home · mobile · calendar · defenses · 2010-2011 · 

Thesis Defense - Gallagher

Graph Connectivity: Approximation Algorithms and Applications to Protein-Protein Interaction Networks
Computer Science PhD Candidate
9/2/2010
2:00pm-4:00pm

A graph is connected if there is a path between any two of its vertices and k-connected if there are at least k disjoint paths between any two vertices. A graph is k-edge-connected if none of the k paths share any edges and k-vertex-connected (or k-connected) if they do not share any intermediate vertices. We examine some problems related to k-connectivity and an application.

We have looked at the k-edge-connected spanning subgraph problem: given a k-edge-connected graph, find the smallest spanning subgraph that is still k-edge-connected. We improved two algorithms for approximating solutions to this problem. The first algorithm transforms the problem into an integer linear program, relaxes it into a real-valued linear program and solves it, then obtains an approximate solution to the original problem by rounding non-integer values. We have improved the approximation ratio by giving a better scheme for rounding the edges and bounding the number of fractional edges. The second algorithm finds a subgraph where every vertex has a minimum degree, then augments the subgraph by adding edges until it is k-edge-connected. We improve this algorithm by bounding the number of edges that could be added in the augmentation step.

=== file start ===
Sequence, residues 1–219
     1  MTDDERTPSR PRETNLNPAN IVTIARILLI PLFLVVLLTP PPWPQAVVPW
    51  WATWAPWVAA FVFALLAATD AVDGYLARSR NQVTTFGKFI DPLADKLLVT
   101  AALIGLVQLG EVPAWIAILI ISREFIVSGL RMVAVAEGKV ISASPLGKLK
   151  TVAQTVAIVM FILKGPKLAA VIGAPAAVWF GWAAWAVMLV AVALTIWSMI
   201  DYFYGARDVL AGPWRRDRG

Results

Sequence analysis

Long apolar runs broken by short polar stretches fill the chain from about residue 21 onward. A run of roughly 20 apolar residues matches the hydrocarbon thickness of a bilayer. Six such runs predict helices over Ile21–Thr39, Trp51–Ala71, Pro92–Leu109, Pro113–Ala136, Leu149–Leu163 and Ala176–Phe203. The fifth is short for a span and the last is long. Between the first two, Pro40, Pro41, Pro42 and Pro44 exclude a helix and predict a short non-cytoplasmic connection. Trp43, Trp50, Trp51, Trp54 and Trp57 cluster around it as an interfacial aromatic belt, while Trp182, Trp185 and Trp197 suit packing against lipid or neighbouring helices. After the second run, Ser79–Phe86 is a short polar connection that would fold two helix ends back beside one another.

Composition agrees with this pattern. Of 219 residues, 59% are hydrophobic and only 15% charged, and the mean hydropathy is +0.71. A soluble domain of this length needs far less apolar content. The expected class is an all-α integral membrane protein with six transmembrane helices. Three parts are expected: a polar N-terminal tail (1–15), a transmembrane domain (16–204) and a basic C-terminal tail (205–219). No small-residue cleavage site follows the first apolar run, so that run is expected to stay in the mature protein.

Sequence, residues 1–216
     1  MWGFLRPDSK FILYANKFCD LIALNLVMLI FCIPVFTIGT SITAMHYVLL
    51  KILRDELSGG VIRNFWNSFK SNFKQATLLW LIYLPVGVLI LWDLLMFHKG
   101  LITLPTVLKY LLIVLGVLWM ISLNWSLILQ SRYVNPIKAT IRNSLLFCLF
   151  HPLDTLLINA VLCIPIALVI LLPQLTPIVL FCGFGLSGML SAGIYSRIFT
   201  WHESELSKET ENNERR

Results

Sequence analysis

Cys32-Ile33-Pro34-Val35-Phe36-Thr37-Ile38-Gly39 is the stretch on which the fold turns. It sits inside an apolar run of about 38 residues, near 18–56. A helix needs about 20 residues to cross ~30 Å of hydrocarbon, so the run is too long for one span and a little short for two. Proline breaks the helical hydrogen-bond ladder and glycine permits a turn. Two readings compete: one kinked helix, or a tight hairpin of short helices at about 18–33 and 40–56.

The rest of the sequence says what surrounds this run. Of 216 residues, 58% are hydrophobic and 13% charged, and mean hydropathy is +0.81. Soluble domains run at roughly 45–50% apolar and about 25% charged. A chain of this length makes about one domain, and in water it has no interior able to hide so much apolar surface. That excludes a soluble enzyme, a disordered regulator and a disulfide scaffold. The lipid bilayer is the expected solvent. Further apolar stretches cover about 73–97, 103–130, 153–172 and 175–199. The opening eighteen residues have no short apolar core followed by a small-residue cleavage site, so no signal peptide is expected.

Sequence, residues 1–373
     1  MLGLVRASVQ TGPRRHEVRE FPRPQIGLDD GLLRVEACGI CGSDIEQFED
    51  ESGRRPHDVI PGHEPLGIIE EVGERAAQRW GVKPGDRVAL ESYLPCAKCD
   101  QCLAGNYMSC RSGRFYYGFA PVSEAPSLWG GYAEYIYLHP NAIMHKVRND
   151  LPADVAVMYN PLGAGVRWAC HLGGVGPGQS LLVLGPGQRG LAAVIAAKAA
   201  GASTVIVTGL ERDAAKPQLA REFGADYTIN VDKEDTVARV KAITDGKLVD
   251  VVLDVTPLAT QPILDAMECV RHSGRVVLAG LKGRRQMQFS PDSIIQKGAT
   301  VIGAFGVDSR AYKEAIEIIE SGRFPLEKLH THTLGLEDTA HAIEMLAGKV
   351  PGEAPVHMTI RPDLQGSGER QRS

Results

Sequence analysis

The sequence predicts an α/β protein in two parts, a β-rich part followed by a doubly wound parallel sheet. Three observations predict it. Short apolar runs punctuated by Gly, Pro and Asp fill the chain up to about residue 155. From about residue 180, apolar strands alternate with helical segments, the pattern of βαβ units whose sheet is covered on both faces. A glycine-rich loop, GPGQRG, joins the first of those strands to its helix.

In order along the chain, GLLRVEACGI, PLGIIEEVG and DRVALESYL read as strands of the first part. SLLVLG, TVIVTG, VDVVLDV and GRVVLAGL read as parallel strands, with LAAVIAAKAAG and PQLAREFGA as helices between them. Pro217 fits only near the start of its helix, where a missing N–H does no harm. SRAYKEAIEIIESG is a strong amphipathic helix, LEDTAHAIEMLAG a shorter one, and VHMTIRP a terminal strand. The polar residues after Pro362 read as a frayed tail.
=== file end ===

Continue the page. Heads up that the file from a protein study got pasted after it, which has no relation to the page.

We have also applied the idea of k-connectivity to protein-protein interaction (PPI) networks, biological graphs where vertices represent proteins and edges represent experimentally determined physical interactions. Because few PPI networks are even 1-connected, we developed algorithms to find the most highly connected subgraphs of a graph. We applied our algorithms to a large network of yeast protein interactions and found that the most highly connected subgraph was a 16-connected subgraph of membrane proteins that had never before been identified as a module and is of interest to biologists. We also looked at graphs of proteins known to be co-complexed and found that a significant number contained 3-connected subgraphs, one of the features that most differentiated complexes from random graphs.

Committee: Debra Goldberg, Assistant Professor (Co-Chair)
Harold (Hal) Gabow, Professor (Co-Chair)
John Black, Associate Professor
Andrzej Ehrenfeucht, Distinguished Professor
Lawrence Hunter, University of Colorado School of Medicine
San Skulrattanakulchai, Gustavus Adolphus College
Department of Computer Science
University of Colorado Boulder
Boulder, CO 80309-0430 USA
webmaster@cs.colorado.edu
www.cs.colorado.edu
May 5, 2012 (14:20)
XHTML 1.0/CSS2
©2012